In today’s competitive climate, fostering an inclusive culture is no longer an option: it’s essential. Without a diverse workforce offering a plethora of fresh perspectives, innovation is restricted, and growth is stifled. In fact, a recent study by McKinsey revealed that companies in the top quartile for gender, racial, and ethnic diversity were more likely to have financial returns above their national industry medians. As well as commercial success, however, it’s no secret that a diverse workforce makes for a healthy and happy organisational culture.
Despite this, a number of businesses still lag behind their targets, while some aren’t sure where to start in building a diverse workforce. Fortunately, we’ve broken it down into four steps, with key actionable points:
Reconsider your recruitment process
If your organisation is struggling to attract diverse candidates, you may want to reconsider your approach. Regrettably, candidates from minority groups are often reluctant to apply for roles, based on past experiences or their perceived lack of chances in getting hired. No longer can leaders wait for talented candidates from diverse backgrounds to come to them and simply shrug it off when none apply.
Instead, a proactive approach needs to be taken in sourcing these individuals and attracting them to the business.
When casting a net into the talent pool, it’s natural for employers to look to their network as their first port of call – after all, most people prefer to interact with those who are “like them.” If this sounds like your talent attraction strategy, be warned: this practice can restrict your reach, and prevent you from getting a bigger picture of the candidates currently available.
Build an inclusive brand
If you want to attract a diverse workforce, candidates should be able to gather from your employer brand that promoting inclusion is an organisational priority. On the surface, it may seem like a Catch-22 situation: without a diverse staff-base, how can you attract diverse candidates? However, don’t be fooled into thinking it’s too late to change how others perceive you.
In fact, the more committed you are in nurturing an inclusive environment and promoting equal opportunities, the more you will be recognised within the community for championing the cause.
Luckily, the internet is on your side: with a range of social media sites to take advantage of, the digital world is your stage in promoting the values of the organisation to potential employees.
Hack your hiring methods
Successfully attracting diverse talent is pointless if the hiring process pushes them away. In many cases, business leaders fail to notice the deep-rooted biases that exist within their hiring methods and, in turn, they lose unique talent to the competition. The first step in eradicating unconscious bias is to educate those involved in recruiting for the role of its existence, and continually raise awareness of the issue throughout the entire process.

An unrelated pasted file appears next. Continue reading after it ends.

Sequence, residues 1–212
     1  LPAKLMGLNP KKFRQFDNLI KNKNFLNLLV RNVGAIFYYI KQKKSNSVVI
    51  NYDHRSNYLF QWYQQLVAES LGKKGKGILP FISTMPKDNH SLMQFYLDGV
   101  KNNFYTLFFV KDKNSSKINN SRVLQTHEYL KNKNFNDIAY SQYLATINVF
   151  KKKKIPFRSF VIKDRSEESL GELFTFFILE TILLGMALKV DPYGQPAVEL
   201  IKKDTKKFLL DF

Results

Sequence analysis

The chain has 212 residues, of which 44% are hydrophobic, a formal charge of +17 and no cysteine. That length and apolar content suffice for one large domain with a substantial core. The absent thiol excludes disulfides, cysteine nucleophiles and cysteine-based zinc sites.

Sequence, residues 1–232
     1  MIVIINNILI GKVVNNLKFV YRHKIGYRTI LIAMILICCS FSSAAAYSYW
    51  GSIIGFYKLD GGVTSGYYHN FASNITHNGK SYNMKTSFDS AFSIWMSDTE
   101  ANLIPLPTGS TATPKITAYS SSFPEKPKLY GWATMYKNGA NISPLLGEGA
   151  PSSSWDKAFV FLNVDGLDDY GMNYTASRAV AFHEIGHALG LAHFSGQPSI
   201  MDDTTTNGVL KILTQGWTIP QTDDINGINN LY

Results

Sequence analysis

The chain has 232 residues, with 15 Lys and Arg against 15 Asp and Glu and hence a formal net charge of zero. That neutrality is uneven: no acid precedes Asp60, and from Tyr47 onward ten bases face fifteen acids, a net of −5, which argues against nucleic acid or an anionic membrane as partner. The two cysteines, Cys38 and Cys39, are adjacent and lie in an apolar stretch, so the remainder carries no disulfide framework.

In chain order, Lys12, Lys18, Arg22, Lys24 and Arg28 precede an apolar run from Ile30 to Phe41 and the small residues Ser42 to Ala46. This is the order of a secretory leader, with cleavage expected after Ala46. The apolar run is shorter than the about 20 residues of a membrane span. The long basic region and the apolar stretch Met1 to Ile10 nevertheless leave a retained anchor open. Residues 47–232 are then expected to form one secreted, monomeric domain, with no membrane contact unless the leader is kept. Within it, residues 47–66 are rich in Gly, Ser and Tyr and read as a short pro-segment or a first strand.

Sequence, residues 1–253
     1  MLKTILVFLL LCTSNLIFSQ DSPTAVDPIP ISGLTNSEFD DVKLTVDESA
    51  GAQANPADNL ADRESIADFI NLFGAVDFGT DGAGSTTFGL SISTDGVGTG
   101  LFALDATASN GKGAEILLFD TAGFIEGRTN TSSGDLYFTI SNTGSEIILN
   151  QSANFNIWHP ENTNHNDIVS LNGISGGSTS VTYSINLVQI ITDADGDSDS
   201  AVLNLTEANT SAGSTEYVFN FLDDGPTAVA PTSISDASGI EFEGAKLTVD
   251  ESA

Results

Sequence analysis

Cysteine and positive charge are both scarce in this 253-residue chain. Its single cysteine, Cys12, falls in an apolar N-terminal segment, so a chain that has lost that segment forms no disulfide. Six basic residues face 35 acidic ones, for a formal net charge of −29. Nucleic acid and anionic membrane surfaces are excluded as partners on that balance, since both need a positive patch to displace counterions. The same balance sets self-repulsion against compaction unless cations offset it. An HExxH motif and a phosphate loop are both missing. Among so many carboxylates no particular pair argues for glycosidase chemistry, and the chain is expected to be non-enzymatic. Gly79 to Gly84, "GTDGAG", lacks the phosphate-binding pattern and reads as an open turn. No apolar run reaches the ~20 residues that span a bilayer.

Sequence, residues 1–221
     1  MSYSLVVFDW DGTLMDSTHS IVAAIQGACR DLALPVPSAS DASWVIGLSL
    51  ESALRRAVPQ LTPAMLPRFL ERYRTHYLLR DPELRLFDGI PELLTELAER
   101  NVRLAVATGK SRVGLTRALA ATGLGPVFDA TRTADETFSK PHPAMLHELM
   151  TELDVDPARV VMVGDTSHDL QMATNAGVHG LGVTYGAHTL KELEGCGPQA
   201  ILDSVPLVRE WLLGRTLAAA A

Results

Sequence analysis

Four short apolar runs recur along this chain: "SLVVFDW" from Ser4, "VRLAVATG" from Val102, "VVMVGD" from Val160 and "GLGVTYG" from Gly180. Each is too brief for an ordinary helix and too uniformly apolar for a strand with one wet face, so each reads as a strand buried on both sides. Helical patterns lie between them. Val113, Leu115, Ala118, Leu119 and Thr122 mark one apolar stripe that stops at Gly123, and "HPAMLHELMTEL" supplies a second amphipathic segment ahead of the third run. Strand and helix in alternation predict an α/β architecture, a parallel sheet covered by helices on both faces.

From screening of CVs to interviewing tactics and the decision making process that follows, bias can rear its ugly head at every stage. Making an effort to select candidates on their skill and experience rather than social background is a start, as even segregating only those with the right grades could unintentionally narrow your shortlist to a small, privileged few.
No matter what the criteria, all candidates should be treated equally and asked the same questions during the interview process. The more diverse and culturally sensitive the interviewing panel, the more likely you are to welcome candidates from a variety of backgrounds to the organisation.
Never lose sight of the employee experience
Attracting and recruiting a diverse range of employees is only half the battle. In order to foster an inclusive culture, employers must consider how they can help their existing employees to feel accepted, safe and welcome in the workplace at all times.
It may not seem necessary when no incidents occur, but involving all new employees in a mandatory training session on a harassment-free workplace will ensure that the tone is clearly set within the business. Should an employee experience discrimination due to their gender, race, ethnicity, social class or sexual orientation, employers must make an example of the aggressor to the wider organisation and make all staff aware of the consequences of this behaviour.
Further to this, it’s essential to check in with your staff during regular one-to-one meetings, to determine whether there are any problems or staff behaviours that have gone unnoticed. You should also take this chance to gain feedback from your employees on how the company is perceived and if there are any areas in particular that could be improved.
If you’re looking for an executive search agency to help you attract, recruit and retain diverse talent, then get in touch with Audeliss today.